Haftarah Parashat Noah
October 13, 2018 | 4 Heshvan 5779
The story of the flood must have seemed a bit odd to the Israelites and Jews of ancient times. Living in a water-starved country where the possibility of rain only exists for a few months a year, the very thought of a flood covering the entire world was probably incomprehensible. A brief scan of the Tanakh finds lots of talk of famine (i.e. no rain), but little about floods. Similarly, the Mishnah and Talmud have an entire masechet (tractate) called Taanit (Fasts) dedicated to the subject of praying and fasting in times of national calamity. And the national calamity of choice was – you got it – drought.
The flood episode is only mentioned one time outside of the original story, in a passage from our haftarah, which dates from the period of Shivat Zion, the return from Babylonian exile, in a promise that God’s mercy is indeed eternal: “For a little while I forsook you but with vast love I will bring you back. In slight anger, for a moment, I hid My face from you but with kindness everlasting, I will take you back in love, said the Lord your Redeemer. For this to me is like the waters of Noah: As I swore that the waters of Noah nevermore would flood the earth, so I swear that I will not be angry with you or rebuke you.” (54:8-9) In other words, for the prophet, the intent of the promise to Noah was that there would never again be a flood and this was taken to mean that God’s love would abide perpetually.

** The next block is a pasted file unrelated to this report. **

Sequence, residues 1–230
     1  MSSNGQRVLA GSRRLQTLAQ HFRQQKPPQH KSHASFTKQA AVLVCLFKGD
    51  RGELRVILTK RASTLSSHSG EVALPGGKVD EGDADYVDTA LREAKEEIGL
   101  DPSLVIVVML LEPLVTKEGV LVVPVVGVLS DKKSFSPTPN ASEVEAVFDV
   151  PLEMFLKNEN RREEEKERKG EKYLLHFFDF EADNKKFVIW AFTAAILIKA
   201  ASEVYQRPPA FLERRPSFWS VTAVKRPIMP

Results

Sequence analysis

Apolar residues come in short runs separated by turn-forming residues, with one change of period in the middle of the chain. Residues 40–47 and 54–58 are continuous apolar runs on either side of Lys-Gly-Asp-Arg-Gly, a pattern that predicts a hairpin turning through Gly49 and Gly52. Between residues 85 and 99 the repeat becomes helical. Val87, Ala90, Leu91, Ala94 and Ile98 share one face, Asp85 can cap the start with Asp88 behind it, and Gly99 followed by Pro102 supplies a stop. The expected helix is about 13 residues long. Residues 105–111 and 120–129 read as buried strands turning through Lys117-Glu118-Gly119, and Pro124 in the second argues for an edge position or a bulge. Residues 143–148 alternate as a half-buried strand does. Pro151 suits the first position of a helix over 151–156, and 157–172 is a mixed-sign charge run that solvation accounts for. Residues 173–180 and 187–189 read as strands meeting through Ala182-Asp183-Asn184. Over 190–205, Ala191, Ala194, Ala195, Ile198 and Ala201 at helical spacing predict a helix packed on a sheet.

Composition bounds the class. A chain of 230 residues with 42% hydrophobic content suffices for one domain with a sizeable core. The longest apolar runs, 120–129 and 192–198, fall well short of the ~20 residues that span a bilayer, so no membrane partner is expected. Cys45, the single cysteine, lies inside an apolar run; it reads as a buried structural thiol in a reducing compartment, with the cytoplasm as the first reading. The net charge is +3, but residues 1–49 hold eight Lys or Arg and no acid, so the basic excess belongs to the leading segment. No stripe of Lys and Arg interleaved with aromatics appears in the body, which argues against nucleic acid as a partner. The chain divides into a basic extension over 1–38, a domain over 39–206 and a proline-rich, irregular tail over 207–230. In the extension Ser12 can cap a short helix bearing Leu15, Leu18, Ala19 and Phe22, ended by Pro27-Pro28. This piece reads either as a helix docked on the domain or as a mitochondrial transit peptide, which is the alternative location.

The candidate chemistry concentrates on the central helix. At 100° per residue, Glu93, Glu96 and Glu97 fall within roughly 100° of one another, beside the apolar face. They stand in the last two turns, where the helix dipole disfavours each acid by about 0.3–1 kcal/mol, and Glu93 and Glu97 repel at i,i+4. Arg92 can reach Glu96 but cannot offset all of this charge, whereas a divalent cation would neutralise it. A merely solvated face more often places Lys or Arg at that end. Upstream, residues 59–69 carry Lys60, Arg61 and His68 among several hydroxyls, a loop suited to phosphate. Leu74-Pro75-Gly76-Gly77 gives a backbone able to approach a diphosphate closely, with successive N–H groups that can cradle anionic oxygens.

The rabbinic tradition saw this promise along similar lines. We had to worry about adequate water but would never have to wonder about its dangerous overabundance. Tosefta Taanit 2:12 tells the story of a miracle worked to whom the people turned to help bring the rain: “They said: ‘Pray so that rain will fall.’ He prayed and rain fell. They said to him: ‘Just as you prayed that it would rain, now pray that it will go (stop).'” The people seem to be afraid that the rain, once turned on by the miracle worker, will continue to fall long after it has ceased to be a blessing. But the miracle worker replies: “Go out and see if a man stands on the Ofel Rock (a high place) and can shake his feet in the Kidron Stream. Then we will pray that the rain will stop. Still, we are certain that God will not bring the flood again to the world, as it is written: ‘There will never be another flood’ (Genesis 9:11) and it says: ‘As I swore that the waters of Noah nevermore would flood the earth.’ (Isaiah 54:8).” It made sense to the sages that rain was a matter of divine providence that depended on human behavior. And it made sense that rain though normally a blessing, could sometimes cause damage. But they were confident that severe weather and flooding would never again destroy the earth.
Modern experience may have turned all of this on its head. Though “rational people” for a long time moved away from seeing the weather as divine reward or punishment (leading Reform Jewry to remove from the siddur the second paragraph of the Shema), we are slowly coming to grips with the impact of human behavior on weather. Severe weather events occur with greater frequency – with storms and floods causing tremendous damage and loss of life. Glaciers are melting and the sea is rising.
Perhaps all of this is wakeup call – a necessary reminder of the importance and impact of what we do as individuals and in aggregate. Hopefully we will not be like Noah’s generation, and we will find a way to change course before the ultimate calamity occurs.
This study piece is offered as a service of the United Synagogue Conservative Yeshiva. It is prepared by Rabbi Mordechai (Mitchell) Silverstein, senior lecturer in Talmud and Midrash at the Conservative Yeshiva. He is a graduate of the Jewish Theological Seminary of America.
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